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Need a review on Complicated explonential math

  1. Sep 23, 2007 #1
    I completely forget how to do this... can someone give me a review on how to do this?

    For example:
    z=8e^(i(pi)/3)
    w=4e^(i(pi)/6)

    z+w= ?

    This is an example in my book but no steps are given for this, the answer they give is
    (4 + 2sqrt[3]) + (4sqrt[3] + 2) i

    I have virtually no memory of this...
    I'd greatly appreciate any guidance I can get with this.
    Thanks!
     
  2. jcsd
  3. Sep 23, 2007 #2
    this isn't log rules, this is euler's identity : [itex]e^{i\theta}=cos{\theta}+isin{\theta}[/itex]

    i don't think you can generally add thing with different exponents, i mean you can't simplify [itex] x^2 + x^3[/itex] right
     
  4. Sep 23, 2007 #3

    mathman

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    Use Euler's identity to get z=8cos(pi/3)+8isin(pi/3) and w=4cos(pi/6)+4isin(pi/6).

    cos(pi/3)=sin(pi/6)=1/2, cos(pi/6)=sin(pi/3)=[sqrt(3)]/2. You can finish up to get the book answer.
     
  5. Sep 24, 2007 #4
    Can you assist me in how to do this step?
    I can't seem to 'get', for example, z=8cos(pi/3)+8isin(pi/3) using that identity.
     
  6. Sep 24, 2007 #5
    How did you manage to get rid of the pesky e using that identity?
     
  7. Sep 24, 2007 #6

    learningphysics

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    z=8e^(i(pi)/3)

    From ice109's post: Euler's identity is

    [itex]e^{i\theta}=cos{\theta}+isin{\theta}[/itex]

    directly applying this integral to z=8e^(i(pi)/3)... here theta = pi/3

    so z = 8(cos(pi/3) + isin(pi/3))
     
  8. Sep 24, 2007 #7
    I'm blind.

    Ok, that's not hard. What about the next step of getting the pair of three equalities?

    cos(pi/3)=sin(pi/6)=1/2, cos(pi/6)=sin(pi/3)=[sqrt(3)]/2
     
  9. Sep 24, 2007 #8

    learningphysics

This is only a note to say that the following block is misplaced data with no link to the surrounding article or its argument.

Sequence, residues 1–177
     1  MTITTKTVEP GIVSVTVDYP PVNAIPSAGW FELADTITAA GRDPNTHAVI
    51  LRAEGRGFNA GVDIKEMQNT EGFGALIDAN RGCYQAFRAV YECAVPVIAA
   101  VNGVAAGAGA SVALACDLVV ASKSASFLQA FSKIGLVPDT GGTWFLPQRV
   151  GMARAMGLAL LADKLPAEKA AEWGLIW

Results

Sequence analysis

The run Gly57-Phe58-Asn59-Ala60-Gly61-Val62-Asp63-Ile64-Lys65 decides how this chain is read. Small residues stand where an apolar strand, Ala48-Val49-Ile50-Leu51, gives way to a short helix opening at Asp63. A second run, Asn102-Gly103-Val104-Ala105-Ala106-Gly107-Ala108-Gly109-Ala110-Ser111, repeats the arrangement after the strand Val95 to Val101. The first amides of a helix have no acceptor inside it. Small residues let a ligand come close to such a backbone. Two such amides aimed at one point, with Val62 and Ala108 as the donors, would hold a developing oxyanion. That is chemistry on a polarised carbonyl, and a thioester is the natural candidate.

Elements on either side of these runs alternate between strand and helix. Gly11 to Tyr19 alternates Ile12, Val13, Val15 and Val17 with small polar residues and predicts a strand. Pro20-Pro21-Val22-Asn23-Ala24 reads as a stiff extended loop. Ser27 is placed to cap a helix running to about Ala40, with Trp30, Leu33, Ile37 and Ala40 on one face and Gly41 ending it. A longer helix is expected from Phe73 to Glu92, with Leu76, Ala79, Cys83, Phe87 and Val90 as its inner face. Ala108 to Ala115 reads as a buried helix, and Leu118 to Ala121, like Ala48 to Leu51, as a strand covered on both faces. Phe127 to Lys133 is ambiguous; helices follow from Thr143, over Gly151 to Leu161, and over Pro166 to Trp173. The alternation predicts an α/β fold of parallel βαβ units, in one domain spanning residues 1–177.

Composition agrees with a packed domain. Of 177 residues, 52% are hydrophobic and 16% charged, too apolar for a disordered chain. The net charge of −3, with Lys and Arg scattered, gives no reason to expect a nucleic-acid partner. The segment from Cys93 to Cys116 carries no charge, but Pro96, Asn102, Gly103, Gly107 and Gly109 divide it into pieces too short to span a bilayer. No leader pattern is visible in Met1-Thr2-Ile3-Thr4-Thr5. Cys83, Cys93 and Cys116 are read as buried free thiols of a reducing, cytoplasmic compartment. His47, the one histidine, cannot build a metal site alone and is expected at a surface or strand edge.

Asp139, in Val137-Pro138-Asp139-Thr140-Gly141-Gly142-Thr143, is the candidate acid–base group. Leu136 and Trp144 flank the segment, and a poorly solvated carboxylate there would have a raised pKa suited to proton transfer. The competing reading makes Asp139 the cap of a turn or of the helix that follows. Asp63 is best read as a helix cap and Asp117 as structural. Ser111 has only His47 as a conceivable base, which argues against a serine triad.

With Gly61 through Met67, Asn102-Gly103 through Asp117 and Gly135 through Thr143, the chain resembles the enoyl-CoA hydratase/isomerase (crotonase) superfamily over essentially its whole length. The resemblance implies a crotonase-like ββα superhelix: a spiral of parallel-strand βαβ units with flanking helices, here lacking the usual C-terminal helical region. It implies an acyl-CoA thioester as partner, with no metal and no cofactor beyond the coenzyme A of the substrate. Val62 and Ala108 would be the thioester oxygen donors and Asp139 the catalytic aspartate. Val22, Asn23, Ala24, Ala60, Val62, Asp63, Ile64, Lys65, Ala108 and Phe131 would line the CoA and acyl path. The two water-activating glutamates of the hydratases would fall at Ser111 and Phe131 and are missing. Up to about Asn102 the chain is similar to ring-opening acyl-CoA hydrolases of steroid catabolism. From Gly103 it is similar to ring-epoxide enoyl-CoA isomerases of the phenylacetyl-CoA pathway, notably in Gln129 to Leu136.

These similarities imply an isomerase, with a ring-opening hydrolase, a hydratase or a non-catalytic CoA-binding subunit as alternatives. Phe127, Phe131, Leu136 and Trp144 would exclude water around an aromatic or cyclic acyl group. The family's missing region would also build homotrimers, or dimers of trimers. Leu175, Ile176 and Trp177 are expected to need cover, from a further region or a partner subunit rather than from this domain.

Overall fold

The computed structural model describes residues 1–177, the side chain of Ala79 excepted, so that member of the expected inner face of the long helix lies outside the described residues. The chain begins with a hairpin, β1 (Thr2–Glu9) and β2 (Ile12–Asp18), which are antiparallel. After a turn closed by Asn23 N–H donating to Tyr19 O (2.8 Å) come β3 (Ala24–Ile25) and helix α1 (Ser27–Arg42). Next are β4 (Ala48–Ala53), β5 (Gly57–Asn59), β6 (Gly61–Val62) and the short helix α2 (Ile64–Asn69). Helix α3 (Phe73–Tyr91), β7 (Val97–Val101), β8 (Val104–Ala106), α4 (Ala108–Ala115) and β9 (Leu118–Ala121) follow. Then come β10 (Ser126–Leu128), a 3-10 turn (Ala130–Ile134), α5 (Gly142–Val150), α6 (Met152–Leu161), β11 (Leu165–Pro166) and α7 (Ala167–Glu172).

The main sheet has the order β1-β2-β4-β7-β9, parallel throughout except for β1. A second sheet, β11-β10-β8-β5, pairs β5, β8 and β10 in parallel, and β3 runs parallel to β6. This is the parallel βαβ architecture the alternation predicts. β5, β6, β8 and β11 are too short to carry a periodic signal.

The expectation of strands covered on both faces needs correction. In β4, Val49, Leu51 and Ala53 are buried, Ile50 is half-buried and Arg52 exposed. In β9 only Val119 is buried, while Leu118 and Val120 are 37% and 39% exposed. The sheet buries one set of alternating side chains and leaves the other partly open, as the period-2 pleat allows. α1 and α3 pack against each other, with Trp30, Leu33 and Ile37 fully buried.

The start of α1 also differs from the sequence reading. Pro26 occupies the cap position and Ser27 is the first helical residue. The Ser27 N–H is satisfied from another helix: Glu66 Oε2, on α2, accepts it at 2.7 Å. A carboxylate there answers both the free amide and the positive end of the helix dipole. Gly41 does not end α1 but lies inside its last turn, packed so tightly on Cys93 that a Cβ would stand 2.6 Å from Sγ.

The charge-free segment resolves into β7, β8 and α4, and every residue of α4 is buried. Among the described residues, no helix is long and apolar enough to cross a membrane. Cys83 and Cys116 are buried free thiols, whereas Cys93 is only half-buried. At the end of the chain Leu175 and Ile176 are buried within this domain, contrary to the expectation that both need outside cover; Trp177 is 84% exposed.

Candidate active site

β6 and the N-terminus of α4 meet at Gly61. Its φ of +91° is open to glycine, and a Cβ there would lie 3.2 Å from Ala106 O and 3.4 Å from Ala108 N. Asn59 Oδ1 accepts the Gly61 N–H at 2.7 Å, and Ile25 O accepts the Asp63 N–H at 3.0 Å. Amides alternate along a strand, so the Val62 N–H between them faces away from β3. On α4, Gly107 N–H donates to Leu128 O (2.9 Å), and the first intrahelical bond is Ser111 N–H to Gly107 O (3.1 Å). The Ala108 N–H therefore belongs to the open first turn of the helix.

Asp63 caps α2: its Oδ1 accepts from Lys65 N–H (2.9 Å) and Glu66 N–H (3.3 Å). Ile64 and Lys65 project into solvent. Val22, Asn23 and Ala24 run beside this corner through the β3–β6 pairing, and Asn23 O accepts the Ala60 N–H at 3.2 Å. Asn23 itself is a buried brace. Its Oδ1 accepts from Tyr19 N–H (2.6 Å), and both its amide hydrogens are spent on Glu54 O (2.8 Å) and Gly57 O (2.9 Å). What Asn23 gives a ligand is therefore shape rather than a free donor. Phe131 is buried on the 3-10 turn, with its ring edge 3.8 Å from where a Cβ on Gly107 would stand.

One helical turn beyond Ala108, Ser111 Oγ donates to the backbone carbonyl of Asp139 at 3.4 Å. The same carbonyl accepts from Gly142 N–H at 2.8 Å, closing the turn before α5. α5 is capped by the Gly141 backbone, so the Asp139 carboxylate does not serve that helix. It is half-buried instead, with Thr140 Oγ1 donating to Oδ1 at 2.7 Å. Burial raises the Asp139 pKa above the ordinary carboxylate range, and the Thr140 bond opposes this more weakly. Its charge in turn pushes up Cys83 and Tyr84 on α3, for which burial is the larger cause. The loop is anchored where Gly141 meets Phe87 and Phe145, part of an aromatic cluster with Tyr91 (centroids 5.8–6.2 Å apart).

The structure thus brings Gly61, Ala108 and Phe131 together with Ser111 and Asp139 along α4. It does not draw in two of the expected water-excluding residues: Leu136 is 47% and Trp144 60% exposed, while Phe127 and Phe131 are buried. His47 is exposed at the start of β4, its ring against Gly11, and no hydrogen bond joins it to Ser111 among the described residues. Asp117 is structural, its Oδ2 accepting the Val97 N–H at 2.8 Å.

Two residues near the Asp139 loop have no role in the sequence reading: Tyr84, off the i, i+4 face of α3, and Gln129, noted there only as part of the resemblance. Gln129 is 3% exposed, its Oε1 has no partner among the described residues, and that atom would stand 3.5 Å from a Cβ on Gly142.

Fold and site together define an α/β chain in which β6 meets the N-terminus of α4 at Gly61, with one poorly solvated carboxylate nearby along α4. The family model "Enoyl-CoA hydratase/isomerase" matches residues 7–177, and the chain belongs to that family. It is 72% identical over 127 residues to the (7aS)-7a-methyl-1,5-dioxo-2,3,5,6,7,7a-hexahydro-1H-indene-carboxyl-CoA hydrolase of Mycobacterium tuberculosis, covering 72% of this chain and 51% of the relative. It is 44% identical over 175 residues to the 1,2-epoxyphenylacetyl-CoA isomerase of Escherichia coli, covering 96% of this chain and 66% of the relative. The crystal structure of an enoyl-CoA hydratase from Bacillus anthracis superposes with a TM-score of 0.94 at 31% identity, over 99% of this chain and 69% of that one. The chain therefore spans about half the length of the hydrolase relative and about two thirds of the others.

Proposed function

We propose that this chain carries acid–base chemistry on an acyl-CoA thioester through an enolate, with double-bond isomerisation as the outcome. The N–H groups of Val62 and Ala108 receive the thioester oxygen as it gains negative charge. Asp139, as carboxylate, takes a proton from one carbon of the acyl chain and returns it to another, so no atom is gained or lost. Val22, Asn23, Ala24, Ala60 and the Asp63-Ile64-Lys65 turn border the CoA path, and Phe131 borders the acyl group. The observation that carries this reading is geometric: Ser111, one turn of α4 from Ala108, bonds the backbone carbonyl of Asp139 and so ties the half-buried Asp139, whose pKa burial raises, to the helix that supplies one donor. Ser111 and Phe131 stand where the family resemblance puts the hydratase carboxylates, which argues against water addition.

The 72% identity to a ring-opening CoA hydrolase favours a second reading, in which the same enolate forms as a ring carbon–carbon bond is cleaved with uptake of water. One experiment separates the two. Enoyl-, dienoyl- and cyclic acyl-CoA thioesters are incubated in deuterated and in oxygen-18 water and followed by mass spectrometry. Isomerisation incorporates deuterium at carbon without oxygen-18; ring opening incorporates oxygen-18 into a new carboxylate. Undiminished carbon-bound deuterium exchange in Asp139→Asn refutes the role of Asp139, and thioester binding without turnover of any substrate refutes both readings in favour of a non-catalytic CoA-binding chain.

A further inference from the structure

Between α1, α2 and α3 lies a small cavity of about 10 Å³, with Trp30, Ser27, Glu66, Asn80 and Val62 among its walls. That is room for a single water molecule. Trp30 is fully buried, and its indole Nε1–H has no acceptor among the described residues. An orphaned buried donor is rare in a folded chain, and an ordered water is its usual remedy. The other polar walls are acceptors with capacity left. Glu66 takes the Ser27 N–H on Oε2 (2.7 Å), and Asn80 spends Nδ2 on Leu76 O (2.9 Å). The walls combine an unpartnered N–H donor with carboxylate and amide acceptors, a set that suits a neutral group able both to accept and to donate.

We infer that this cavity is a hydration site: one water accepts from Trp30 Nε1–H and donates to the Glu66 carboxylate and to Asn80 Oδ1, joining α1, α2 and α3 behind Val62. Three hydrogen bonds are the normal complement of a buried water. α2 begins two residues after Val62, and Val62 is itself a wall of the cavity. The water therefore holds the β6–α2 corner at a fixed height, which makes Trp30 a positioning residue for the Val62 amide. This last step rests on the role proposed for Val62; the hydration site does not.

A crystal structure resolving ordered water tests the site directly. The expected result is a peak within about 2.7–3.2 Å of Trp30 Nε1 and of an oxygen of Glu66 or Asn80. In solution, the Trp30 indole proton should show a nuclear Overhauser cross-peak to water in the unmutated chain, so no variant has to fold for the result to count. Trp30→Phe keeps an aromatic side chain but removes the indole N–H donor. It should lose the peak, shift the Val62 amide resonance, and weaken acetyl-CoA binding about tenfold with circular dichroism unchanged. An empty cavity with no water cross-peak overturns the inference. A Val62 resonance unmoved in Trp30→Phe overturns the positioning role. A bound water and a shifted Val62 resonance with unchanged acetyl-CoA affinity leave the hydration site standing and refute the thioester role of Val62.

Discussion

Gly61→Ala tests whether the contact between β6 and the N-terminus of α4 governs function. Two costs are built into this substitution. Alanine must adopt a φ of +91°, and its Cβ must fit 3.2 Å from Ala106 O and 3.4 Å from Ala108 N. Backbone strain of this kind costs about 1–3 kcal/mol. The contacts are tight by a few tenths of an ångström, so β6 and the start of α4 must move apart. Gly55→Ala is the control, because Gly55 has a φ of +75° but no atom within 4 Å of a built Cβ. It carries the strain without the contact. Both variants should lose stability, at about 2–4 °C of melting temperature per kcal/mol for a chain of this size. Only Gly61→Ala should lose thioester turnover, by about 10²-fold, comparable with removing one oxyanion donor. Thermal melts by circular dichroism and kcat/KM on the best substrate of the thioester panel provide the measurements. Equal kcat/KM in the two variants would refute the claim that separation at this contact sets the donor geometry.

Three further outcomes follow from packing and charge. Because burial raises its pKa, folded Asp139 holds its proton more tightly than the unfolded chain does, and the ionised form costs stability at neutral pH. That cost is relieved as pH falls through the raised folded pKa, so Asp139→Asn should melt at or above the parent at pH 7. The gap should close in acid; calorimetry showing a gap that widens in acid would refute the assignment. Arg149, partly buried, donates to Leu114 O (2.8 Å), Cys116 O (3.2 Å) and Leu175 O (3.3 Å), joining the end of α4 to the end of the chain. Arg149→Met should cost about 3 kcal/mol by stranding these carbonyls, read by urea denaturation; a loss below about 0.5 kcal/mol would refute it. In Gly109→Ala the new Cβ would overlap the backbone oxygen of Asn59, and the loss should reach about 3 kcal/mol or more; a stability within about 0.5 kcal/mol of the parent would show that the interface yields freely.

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    pi/3 = 60. pi/6=30

    cos(60) = sin(30) (for any angle x<90, cos(x) = sin(90-x), sin(x) = cos(90-x)

    so, cos(60) = sin(30) = 1/2, cos(30) = sin(60) = sqrt(3)/2
     
    Last edited: Sep 24, 2007
  10. Sep 24, 2007 #9
    Ok I can see they are equal.

    So, is the logic that you simplify each to 1/2 and sqrt[3]/2 and then add those together?
     
  11. Sep 24, 2007 #10

    learningphysics

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    gather the complex terms (the terms that are multiplied by i) and the real terms together.
     
  12. Sep 24, 2007 #11
    I have z+w

    z+w = 8cos(pi/3) + 8isin(pi/3) + 4cos(pi/6) + isin(pi/6)

    Gather them.....
     
  13. Sep 24, 2007 #12

    learningphysics

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    yup... gather the "i" terms together... I mean like this:

    z+w = 8cos(pi/3) + 4cos(pi/6) + i[8sin(pi/3) + sin(pi/6)]

    now substitute in the values for cos(pi/3) etc...
     
  14. Sep 24, 2007 #13
    is...

    4 + 4sqrt[3]/2 + i[8sqrt[3]/2 + 1/2]
     
  15. Sep 24, 2007 #14

    learningphysics

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    That should be:

    z+w = 8cos(pi/3) + 8isin(pi/3) + 4cos(pi/6) + 4isin(pi/6)
     
  16. Sep 24, 2007 #15
    Yep your right.
    That gives me the right answer now :P

    (4 + 2sqrt[3]) + i(4sqrt[3] + 2)
     
  17. Sep 24, 2007 #16

    learningphysics

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    yeah, except that should have been 4isinpi/6... so the answer is actually:

    4 + 4sqrt[3]/2 + i[8sqrt[3]/2 + 4(1/2)]

    so when you simplify... you get

    4 + 2sqrt[3] + i(4sqrt[3] + 2)
     
  18. Sep 24, 2007 #17
    yeah I saw your correction. I was right wasnt i?
     
  19. Sep 24, 2007 #18

    learningphysics

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    yeah, sorry. I replied before seeing your reply. :tongue:
     
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